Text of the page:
Healthcare tips for one-year-olds

February 22, 2006

As the Comer Children's Hospital at the University of Chicago celebrates its first year, we have put together 10 tips for your child's healthcare as he or she turns one.

These recommendations were developed with Dr. Joel Schwab and other leading pediatricians at Comer Children's Hospital.

Please note they are only guidelines. Please refer individual questions and concerns to your own child's pediatrician.

Immunizations: Immunizations are important to protect your child from many infectious diseases. Check with your child's physician to make sure they are up-to-date and get the vaccines that are scheduled for after your child's first birthday, such as DPT (Diphtheria, Tetanus and Pertussis), MMR (Measles, Mumps, and Rubella), Varicella (Chicken Pox), Pneumococcus, Polio and Haemophilus influenza.

Safety: As your child begins to walk, it's essential to child proof your home so they can continue to test out their independence in a safe manner. Place safety gates around stairs and windows to prevent falls, cover electric outlets with plastic caps, hide all wires and cords, and remove poisonous cleaning products from cabinets that are accessible. A one-year-old child must always be supervised.

Oral hygiene: As your child is now developing teeth, make sure they are getting sufficient amounts of fluoride that helps prevent cavities through either tap or bottled water that contains fluoride. Not all bottled water contains fluoride and some water filters can also eliminate fluoride. Also avoid early childhood cavities by not allowing your child to take a bottle to nap or sleep that contains liquids that have sugar in them. If your child insists on taking a bottle, fill it with water instead of sugary liquids. Get in the habit of brushing your child's teeth with a small amount of toothpaste. Your child's first dental appointment should be between the first and second birthday.

Car seats: If your child is one year old and weighs more than 20 pounds, you may turn the car seat around to face forward.

Shoes: With your child either walking or nearing that milestone, think about buying shoes to protect them from injury as they take their first steps. When buying shoes, be practical, and remember they should be soft, wide and inexpensive, as you will be replacing them early and often. Shoes are not necessary to learn to walk and high tops are preferable because they stay on their feet better.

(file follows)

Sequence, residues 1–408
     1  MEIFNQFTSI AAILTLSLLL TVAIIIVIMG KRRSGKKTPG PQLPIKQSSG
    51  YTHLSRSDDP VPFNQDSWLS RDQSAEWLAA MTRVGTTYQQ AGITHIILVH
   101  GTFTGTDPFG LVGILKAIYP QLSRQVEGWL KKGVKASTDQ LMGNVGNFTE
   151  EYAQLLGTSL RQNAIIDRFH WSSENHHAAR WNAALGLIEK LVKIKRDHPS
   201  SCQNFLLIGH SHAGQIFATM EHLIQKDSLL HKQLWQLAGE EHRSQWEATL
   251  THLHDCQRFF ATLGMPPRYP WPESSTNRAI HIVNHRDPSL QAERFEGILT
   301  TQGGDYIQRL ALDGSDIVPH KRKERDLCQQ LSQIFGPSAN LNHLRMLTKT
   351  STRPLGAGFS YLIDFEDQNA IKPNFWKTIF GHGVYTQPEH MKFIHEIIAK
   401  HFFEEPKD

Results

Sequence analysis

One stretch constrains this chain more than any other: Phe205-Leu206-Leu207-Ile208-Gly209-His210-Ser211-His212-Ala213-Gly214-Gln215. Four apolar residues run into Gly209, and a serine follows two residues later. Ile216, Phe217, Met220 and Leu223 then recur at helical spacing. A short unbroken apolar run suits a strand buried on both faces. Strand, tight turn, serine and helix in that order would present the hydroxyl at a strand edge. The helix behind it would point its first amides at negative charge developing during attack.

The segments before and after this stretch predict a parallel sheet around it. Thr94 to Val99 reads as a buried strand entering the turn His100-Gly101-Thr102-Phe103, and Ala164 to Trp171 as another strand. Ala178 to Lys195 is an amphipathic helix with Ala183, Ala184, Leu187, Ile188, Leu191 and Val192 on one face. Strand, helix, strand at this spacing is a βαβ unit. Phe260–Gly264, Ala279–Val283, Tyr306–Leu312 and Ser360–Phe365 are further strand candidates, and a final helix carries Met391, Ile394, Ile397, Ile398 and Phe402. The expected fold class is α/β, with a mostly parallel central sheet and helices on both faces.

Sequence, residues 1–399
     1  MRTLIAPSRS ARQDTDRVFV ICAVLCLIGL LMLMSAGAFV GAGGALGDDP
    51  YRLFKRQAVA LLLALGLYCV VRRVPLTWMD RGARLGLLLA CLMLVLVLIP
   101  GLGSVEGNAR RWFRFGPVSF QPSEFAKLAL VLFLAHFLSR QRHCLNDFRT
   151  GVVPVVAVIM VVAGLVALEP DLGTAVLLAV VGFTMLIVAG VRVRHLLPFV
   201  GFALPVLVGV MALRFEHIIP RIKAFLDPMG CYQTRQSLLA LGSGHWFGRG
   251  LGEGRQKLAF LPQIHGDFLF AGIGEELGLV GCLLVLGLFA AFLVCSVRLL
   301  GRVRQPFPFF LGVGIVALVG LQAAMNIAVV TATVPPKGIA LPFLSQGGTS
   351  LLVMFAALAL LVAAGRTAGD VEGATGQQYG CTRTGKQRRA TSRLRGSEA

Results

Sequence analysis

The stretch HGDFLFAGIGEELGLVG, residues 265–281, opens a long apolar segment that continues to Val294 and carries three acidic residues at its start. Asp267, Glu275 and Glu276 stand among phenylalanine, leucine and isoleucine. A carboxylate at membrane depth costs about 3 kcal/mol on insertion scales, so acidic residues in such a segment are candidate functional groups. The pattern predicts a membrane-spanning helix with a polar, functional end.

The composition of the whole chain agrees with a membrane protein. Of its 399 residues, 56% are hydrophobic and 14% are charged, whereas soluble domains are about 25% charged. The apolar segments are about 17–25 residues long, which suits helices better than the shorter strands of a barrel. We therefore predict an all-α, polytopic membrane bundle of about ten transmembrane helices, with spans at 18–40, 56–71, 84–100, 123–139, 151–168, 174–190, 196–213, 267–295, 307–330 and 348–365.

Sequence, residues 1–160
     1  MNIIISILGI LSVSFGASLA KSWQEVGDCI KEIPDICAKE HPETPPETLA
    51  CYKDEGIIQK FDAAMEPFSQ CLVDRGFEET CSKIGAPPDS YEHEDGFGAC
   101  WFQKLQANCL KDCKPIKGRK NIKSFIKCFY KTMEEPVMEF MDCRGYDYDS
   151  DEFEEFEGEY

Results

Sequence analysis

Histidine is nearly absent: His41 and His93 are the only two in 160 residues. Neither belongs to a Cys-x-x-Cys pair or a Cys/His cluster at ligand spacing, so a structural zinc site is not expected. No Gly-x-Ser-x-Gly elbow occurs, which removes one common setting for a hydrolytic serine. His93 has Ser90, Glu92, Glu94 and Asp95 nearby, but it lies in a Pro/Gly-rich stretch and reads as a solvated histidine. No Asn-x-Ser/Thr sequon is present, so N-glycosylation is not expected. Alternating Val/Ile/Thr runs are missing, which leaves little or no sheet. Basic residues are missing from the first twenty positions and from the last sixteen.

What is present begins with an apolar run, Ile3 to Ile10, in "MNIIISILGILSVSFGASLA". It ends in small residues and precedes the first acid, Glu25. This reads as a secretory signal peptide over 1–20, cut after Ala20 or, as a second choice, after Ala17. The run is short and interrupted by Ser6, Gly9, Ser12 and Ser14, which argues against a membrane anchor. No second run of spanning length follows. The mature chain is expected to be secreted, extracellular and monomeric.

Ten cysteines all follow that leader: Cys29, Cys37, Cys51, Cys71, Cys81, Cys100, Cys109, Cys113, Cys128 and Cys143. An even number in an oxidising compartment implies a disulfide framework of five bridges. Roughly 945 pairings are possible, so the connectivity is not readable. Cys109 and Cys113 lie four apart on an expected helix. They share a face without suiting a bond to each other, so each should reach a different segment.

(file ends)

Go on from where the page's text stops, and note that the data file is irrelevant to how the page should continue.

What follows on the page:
Healthy diet: With your child eating more solid foods, it's important to pay attention to quantity and quality. Avoid high-fat, high sugar, low-nutrition foods, such as chips, pop, and fruit juices. Focus on healthier alternatives, such as fruits and vegetables. Also, it is not too early to begin regulating portions and allowing the child to determine when they are full.

Outdoor care: Your child will be going outside more, so protect them with an appropriate sun block. Apply the sunscreen before they actually get in the sun. Number 15 SPF is sufficient and should be applied at four-hour intervals. With a child's fair skin, make them wear hats and sunglasses when outside, especially during the peak hours of damage from 10 a.m. to 4 p.m. Apply an appropriate child-safe, non-toxic insect repellent as well. While DEET formulas up to 30 percent are safe for toddlers, there are also non-DEET formulations available (Cutters Advance/Picaridin) that protect against mosquitoes. Directions on the containers must be followed.

Interaction: Parents should help their child's development by maintaining significant interaction with them on a daily basis. Talking, reading, singing to and playing with your child enhance their mental, emotional and social development.

Don't compare: Try not to compare your child's progress with another's as no two children develop alike. Look to see if they are gaining skills and growing their language and socialization talents, including pronouncing simple words, like "mama" and "dada" and being interactive and responsive.

Discipline: Set limits for your children that are appropriate for their age. Timeouts, distractions and being consistent are important ways to enhance good behavior and children should be praised when they do well.

This is not a complete list and should be used only as a guideline by parents. For specific questions and concerns, please seek expert advice from your child's pediatrician.

The University of Chicago Medicine
Communications
950 E. 61st Street, Third Floor
Chicago, IL 60637
Phone (773) 702-0025 Fax (773) 702-3171


Press Contact

Gina Czark
(773) 702-6241